Information management. I am a voracious consumer of web based information. I have hundreds of bookmarks, and read dozens of incoming news sources on various topics. For a few years I've been completely sold on RSS and getting everything to come in that way. It's not strictly speaking a push technology, but it does let the computer pull the information without me having to pull it myself. Again, I'm lucky enough to be looking at a world where more and more of these things can be done online, making for access from many places easy. I aggregate everything from computer news sources, word a day, gaming news, software updates, newspapers, music news, and even all my webcomics. I even have a custom LJ layout that turns my friends list into an RSS feed so I can aggregate that. Typically anything which is transitory in nature I pull through RSS, excepting e-mail and IMs, as those are more interactive mediums. This lets me rapidly scan through 200-300 items a day, discarding most, and opening into tabs (I love tabs!) anything which needs more than a cursory glance. The two big RSS aggregators online right now are Bloglines and Google Reader. Both of them are good. Neither of them works for me. I want my feed items sorted by feed, not by time, I want to be able to quickly mark something as read and to get it out of my sight, because I am ruthlessly discarding anything which no longer needs to be read, or has already been opened in a new tab. And on top of that, I like projects that are under my control and that I can customize (why I use WordPress for my main blog, instead of LJ, e.g.), so I use a project called Gregarius, and a plugin that lets me double-click a feed item to mark it as read and hide it from sight.

I've also gone back to del.icio.us to help manage my information content. They have a new firefox extension that takes over the local bookmarks, and routes everything into del.icio.us. This makes it _very_ easy to keep things in sync at home and the office, and to not have to make a local toolbar with my most used links. It gives you a toolbar that can display different groups of links, and makes it very easy to record and tag link for later retrieval. Previously I used Spurl, but the sheer number of tools that enhance the functionality of del.icio.us brought me back to it.

Wishlist's are a specialized list, because it fills with things that aren't to do, to get at the grocery store, or to pack for a trip, but are items I'd like to have some day. This list also has to be public to a certain extent, so others can find items at gift giving occasions. Amazon.com provides an excellent service if what you want is on Amazon.com. Over the past year I've moved from Giftbox to MetaWishlist, and now to GiftHat, because of various features, and developer responsiveness (MetaWishlist, excellent as it is, does not seem to be under development any more). I want a list that has a bookmarklet to make it easy to enter items I come across, and like a registry lets gift givers "reserve" items. This past Christmas and the one before I received too many duplicate gifts, prompting the move to GiftHat.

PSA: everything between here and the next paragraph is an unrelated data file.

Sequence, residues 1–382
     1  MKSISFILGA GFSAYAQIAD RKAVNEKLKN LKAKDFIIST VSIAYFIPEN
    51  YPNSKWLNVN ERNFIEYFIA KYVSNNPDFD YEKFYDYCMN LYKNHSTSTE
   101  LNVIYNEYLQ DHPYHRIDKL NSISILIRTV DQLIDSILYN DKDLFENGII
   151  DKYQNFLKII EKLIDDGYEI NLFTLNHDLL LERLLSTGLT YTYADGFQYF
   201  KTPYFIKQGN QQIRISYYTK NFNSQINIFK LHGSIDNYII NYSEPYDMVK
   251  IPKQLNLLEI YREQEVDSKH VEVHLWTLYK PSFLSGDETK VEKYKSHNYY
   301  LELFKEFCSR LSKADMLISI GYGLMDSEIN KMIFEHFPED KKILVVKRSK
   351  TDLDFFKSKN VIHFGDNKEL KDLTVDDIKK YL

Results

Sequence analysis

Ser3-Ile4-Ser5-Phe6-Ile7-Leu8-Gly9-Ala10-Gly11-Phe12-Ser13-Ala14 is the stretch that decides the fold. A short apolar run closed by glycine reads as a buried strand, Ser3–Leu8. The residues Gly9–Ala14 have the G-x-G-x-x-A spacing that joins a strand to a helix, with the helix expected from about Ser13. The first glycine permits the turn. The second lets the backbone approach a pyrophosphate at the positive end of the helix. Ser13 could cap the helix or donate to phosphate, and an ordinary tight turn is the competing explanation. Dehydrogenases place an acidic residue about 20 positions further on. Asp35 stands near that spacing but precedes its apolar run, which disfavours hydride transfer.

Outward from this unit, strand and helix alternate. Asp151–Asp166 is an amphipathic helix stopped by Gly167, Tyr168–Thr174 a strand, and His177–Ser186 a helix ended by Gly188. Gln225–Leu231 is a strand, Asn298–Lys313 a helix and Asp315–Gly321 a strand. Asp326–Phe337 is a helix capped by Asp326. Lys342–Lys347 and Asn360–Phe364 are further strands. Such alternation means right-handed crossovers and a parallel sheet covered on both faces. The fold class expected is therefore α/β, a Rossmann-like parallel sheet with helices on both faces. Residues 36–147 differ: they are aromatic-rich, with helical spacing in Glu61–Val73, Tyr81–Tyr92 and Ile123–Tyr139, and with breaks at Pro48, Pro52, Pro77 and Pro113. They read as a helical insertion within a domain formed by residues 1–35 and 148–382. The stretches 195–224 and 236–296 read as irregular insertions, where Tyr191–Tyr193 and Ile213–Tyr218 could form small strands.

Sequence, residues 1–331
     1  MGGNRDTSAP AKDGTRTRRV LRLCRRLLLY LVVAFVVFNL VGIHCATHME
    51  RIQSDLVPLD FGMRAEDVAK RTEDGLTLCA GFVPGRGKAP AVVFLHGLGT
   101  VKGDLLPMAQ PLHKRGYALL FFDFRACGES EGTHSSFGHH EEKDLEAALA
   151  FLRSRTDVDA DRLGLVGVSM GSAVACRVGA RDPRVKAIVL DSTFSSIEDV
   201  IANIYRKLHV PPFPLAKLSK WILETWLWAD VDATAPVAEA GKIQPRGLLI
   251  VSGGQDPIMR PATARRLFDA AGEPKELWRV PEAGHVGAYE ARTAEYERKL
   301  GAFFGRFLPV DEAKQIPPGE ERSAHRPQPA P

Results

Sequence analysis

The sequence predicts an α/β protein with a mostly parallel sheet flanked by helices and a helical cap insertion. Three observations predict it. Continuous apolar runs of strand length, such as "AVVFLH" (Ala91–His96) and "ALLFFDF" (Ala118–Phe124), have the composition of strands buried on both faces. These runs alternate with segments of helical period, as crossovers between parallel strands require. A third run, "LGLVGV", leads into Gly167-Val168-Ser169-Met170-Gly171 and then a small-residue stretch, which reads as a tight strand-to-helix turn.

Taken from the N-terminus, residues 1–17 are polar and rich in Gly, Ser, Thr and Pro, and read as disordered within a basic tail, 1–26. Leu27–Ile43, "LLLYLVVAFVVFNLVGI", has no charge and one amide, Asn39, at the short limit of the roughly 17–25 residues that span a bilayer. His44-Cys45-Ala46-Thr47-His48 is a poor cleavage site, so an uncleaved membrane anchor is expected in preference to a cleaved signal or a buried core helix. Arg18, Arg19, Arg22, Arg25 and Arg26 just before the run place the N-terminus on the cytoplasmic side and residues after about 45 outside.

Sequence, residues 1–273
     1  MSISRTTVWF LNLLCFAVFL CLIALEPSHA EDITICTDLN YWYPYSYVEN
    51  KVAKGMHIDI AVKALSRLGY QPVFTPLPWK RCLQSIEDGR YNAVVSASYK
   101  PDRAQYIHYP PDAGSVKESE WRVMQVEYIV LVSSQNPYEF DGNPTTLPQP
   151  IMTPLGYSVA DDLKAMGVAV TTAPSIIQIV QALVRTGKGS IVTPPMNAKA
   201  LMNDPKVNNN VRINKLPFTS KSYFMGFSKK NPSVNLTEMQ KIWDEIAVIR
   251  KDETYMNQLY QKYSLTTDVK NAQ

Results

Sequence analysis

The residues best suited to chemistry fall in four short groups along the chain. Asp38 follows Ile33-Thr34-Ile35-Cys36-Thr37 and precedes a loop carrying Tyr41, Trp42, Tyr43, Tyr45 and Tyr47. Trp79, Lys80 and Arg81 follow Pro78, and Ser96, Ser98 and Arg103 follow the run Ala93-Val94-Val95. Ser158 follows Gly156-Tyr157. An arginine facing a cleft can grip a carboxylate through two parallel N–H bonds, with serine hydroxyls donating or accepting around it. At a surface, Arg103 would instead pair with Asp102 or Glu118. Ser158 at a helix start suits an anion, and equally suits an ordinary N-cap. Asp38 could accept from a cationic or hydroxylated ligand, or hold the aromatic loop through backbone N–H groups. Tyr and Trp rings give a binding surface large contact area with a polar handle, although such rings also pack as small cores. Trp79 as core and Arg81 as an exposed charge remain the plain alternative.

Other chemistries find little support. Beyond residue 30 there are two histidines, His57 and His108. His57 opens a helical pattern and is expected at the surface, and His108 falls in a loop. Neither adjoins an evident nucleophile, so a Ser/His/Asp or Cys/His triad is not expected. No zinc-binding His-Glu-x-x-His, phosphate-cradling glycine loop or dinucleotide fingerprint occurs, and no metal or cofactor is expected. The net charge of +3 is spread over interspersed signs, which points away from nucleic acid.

There are a large number of tools that I use to organize my computer usage and to streamline that, but this post is about the external brain tools, so I'll save the others for another post.

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laurion: (Default)
Arisia '07.  Those who went will understand more of what I'm talking about than those who didn't.  For those who didn't, Arisia is an annual SF Con in the Boston area.  This year it moved to a new hotel.

The hotel was a lovely hotel.  Wonderful architecture.  Well designed for your standard business-class traveler on any normal occasion.  Completely unable to handle thousands of hang-out-in-the-hallways congoers.  Many of you will have already experienced or heard of the hotel difficulties, but let me make my own marks.  First, the elevators were a problem.  Not only were they fragile and small, necessitating a 7 person occupancy limit, but there were only 3 of them, where the old hotel had 6 or so which could accommodate at least a dozen people each.  Add to this the fact that there were only two stairwells, both at the far flung corners of the building, and the immediate impression is that of traffic problems.  I also noted that unlike in the Boston Park Plaza, the con was not able to center on a few floors, and was forced to put Dealers Room (much smaller than in the past) and Art Show (also smaller, but somewhat better) at the top of the building, making it very difficult even for those who chose to take stairs.  I also noted that the hallways were much narrower in this location, making the congestion and crowds that much greater.